General election 2019: Leaders seek support on last day of campaign
Scotland's political leaders are stepping up their canvassing efforts in the final day before the general election.
Jeremy Corbyn joined Scottish Labour's Richard Leonard in Glasgow to campaign for a "vote for hope".
SNP leader Nicola Sturgeon urged voters to "lock out" Boris Johnson, while Lib Dem Willie Rennie was in Edinburgh seeking to "stop Brexit".
Interim Scottish Tory leader Jackson Carlaw also held a rally in Edinburgh.
Patrick Harvie and Lorna Slater, the Scottish Greens' co-leaders, were in the capital to appeal for voters to demand climate action.
The party leaders will also have a final clash in the Holyrood chamber, with first minister's questions taking place on Wednesday afternoon due to the parliament being closed on polling day.
Polls will open at 07:00 GMT on Thursday and close at 22:00.
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As part of a whistlestop tour of the UK, Labour leader Mr Corbyn addressed voters in Glasgow with Scottish Labour's manifesto pledge of £100bn investment in Scotland over 10 years.
He repeated promises that he will negotiate a new deal with the EU within three months of being elected and - within six months - hold a referendum on EU membership, offering a choice between the new deal or Remain.
Mr Corbyn said: "This is the most important election in a generation and people have the chance on Thursday to vote for a government for the many, not the few."
Ms Sturgeon has published an open letter urging people to back her party and "lock out" Tory leader Mr Johnson.
She branded Mr Johnson the "greatest danger to Scotland of any Tory prime minister in modern times".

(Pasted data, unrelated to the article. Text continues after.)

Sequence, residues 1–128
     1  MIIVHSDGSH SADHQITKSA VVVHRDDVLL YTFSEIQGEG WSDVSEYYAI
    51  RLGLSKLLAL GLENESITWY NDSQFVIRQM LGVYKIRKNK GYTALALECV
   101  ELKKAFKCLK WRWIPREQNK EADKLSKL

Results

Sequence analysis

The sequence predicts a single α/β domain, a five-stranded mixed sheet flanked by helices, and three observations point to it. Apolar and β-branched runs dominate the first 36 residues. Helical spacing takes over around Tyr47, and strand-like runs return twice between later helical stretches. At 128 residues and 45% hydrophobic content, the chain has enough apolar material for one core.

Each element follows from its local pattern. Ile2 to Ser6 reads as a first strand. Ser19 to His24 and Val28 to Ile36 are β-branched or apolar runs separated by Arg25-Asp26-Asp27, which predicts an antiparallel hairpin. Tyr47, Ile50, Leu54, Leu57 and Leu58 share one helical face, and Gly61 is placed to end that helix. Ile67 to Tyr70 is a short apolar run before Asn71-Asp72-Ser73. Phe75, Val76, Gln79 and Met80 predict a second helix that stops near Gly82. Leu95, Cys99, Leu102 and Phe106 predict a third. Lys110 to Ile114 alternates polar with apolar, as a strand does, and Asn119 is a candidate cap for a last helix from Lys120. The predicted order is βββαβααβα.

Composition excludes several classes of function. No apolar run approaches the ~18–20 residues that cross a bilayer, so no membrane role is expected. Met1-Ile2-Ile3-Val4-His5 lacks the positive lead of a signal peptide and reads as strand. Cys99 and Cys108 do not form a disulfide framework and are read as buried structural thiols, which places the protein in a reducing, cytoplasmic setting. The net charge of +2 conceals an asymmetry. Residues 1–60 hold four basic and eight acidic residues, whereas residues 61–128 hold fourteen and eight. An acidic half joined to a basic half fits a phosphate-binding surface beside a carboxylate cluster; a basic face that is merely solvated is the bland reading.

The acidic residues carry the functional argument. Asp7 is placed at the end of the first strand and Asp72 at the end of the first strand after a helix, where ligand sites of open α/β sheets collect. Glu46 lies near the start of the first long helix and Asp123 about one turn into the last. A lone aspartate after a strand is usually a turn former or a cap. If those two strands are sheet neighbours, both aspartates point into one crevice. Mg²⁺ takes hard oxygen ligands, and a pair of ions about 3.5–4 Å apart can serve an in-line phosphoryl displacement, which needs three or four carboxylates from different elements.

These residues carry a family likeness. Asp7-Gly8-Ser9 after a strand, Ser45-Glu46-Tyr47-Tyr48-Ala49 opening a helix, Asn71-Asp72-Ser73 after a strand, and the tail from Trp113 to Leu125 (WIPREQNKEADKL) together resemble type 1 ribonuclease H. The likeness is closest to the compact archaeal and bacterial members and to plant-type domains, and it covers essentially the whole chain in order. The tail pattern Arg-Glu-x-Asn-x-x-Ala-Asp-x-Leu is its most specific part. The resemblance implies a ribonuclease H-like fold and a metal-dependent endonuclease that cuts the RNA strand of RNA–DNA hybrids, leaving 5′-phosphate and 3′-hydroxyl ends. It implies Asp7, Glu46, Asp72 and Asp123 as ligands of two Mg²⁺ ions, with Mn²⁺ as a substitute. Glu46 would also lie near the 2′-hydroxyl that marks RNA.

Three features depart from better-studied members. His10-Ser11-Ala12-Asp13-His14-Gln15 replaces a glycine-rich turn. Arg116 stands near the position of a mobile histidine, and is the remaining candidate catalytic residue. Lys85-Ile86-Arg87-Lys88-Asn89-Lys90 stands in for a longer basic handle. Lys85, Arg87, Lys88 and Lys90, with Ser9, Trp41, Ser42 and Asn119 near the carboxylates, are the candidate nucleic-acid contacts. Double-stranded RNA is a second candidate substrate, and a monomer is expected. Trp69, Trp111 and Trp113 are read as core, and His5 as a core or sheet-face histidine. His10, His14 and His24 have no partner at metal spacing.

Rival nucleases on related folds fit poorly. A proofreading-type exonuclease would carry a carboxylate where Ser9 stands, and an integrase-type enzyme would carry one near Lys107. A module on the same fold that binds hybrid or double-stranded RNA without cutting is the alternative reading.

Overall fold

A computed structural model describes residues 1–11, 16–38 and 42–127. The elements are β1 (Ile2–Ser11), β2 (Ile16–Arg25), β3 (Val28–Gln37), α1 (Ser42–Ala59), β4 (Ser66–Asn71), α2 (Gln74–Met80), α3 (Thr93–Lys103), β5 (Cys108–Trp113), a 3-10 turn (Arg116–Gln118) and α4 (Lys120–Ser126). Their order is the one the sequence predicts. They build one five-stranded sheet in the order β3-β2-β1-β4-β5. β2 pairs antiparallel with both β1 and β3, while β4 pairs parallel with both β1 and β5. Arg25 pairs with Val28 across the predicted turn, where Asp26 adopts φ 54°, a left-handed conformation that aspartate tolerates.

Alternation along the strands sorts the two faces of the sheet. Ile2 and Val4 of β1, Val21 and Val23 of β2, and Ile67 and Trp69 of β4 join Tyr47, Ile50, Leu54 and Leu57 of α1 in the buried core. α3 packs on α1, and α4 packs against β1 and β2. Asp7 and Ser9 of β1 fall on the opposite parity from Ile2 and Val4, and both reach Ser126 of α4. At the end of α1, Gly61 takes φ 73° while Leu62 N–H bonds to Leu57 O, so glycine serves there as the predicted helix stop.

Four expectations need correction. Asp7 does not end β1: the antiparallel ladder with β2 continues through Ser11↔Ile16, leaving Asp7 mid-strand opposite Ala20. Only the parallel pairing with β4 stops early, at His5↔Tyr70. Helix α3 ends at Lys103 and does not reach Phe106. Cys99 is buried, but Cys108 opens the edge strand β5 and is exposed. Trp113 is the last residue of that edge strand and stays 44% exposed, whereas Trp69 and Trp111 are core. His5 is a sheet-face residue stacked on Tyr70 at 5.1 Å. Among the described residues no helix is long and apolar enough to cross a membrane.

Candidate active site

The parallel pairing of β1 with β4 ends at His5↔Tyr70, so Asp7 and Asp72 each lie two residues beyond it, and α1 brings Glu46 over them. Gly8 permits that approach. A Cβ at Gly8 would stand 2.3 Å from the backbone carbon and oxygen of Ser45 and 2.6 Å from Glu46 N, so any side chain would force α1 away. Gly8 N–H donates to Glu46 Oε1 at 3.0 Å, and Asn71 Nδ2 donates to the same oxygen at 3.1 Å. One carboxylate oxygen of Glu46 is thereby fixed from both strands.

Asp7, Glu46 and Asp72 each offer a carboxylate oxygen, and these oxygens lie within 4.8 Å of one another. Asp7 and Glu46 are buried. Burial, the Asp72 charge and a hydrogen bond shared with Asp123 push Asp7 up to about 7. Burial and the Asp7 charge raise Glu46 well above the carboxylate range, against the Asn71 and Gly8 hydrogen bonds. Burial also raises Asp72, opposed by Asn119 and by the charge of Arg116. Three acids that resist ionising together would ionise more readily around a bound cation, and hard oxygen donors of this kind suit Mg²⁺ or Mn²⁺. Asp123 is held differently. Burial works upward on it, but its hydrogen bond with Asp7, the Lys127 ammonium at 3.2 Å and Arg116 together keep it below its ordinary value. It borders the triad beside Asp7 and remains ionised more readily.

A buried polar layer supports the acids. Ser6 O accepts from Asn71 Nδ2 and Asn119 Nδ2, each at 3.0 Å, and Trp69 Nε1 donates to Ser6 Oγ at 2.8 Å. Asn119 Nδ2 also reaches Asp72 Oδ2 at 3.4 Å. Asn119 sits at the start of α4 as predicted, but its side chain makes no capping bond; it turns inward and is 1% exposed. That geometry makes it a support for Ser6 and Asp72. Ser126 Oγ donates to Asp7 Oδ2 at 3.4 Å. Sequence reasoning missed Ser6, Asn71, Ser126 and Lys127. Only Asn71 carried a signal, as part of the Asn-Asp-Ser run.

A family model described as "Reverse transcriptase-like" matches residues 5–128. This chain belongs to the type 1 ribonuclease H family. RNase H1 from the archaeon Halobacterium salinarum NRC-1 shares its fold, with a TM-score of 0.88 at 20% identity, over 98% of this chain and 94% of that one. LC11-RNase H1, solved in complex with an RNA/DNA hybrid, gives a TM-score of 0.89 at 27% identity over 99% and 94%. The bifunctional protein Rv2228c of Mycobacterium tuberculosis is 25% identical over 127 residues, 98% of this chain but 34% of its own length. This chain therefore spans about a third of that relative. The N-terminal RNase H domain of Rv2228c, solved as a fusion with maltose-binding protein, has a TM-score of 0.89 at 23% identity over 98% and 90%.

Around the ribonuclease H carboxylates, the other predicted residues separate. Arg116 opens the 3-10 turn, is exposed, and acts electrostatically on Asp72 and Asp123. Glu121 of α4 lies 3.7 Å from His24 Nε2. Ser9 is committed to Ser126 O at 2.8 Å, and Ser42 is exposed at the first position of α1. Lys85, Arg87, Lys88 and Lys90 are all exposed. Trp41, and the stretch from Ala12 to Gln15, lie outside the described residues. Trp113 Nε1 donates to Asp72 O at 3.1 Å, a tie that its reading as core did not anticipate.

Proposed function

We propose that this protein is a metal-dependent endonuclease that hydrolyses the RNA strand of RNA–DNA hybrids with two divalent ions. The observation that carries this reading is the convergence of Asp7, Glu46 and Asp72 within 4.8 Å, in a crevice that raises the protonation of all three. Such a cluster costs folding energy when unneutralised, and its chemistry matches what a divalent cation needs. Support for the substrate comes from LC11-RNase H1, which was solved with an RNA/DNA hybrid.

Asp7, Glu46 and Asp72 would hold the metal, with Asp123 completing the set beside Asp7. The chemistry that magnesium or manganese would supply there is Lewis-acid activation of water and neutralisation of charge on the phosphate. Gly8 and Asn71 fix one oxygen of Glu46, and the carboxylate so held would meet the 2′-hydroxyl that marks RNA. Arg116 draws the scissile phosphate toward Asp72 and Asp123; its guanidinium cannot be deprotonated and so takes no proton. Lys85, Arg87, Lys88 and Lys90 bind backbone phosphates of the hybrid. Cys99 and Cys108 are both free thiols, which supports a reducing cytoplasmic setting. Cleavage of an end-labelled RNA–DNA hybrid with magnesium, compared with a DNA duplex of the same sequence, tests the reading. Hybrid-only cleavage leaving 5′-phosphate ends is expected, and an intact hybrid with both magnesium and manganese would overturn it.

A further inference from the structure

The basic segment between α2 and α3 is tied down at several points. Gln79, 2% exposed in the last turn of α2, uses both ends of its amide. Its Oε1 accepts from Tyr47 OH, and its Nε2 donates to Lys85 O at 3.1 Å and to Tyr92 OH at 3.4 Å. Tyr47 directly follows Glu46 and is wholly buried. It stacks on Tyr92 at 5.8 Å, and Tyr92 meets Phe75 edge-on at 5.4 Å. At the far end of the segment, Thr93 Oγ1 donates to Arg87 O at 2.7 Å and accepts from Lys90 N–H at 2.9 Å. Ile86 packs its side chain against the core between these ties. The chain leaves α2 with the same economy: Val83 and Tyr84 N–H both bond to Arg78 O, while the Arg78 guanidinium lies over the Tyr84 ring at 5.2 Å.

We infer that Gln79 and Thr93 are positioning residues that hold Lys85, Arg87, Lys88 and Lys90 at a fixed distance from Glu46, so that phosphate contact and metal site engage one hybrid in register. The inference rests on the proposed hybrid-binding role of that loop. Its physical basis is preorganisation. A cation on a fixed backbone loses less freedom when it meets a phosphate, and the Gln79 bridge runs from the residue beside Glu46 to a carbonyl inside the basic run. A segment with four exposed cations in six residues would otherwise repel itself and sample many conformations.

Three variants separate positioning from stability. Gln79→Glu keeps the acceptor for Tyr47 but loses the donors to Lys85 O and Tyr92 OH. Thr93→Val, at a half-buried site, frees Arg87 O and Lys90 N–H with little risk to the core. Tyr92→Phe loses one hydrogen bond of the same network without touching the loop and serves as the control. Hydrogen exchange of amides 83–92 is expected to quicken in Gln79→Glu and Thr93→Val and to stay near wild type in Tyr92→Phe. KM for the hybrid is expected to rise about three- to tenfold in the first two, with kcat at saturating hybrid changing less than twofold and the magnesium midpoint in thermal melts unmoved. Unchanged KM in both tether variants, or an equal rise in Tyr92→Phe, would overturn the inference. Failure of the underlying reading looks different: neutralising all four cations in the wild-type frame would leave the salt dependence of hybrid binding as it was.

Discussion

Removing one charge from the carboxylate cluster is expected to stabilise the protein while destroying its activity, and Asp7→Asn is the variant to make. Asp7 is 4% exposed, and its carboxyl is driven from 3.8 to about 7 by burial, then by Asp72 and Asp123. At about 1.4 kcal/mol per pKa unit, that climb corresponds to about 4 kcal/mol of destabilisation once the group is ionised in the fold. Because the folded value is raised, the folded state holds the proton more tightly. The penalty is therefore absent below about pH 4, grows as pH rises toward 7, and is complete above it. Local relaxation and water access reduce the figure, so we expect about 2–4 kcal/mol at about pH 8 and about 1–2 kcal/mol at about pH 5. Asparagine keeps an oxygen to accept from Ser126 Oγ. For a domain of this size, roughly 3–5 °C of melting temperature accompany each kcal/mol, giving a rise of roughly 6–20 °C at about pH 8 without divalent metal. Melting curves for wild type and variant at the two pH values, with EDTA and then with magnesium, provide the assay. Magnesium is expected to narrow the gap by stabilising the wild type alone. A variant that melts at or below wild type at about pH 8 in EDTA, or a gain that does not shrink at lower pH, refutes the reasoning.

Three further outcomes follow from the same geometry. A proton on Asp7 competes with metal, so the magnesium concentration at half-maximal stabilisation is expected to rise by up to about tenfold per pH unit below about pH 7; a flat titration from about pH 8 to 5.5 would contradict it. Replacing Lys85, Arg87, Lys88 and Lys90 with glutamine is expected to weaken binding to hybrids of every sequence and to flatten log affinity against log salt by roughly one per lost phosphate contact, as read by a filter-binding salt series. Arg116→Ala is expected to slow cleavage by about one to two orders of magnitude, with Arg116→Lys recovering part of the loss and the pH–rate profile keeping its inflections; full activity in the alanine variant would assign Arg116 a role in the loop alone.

"Much of what we hold dear in Scotland will be cast aside as Boris Johnson reshapes the UK in his own right-wing Brexiteer image," she wrote.
"A vote for the SNP is a vote to protect our NHS, for an end to Tory austerity and for a party that will always stand up for Scotland."
Mr Carlaw held a rally in Edinburgh alongside his former boss Ruth Davidson, saying the election is "on a knife-edge".
He said: "A few hundred votes either way will decide whether Nicola Sturgeon gets her way and takes us back to a second referendum next year - or whether we can all move forward as a country to take on the challenges and opportunities ahead.
"The fact is we are now staring down at the very real risk of a second referendum on independence being held next year. A second referendum which would divide us all over again and could lead to the break-up of our country by Christmas next year."
The Scottish Liberal Democrats were at St Giles' Cathedral in Edinburgh, arguing that "time is running out" to safeguard Scotland's membership of the UK and the EU.
Willie Rennie said every vote for his party was a vote to stop Brexit and "build a brighter future for Scotland within the UK".
The Scottish Greens highlighted their call for climate action to be at the heart of the general election campaign.
All of the parties are moving to the "get-the-vote-out" stage of the campaign where they are trying to ensure supporters make it to the polls on Thursday.
In many cases, this will mean arranging transport for those who need it.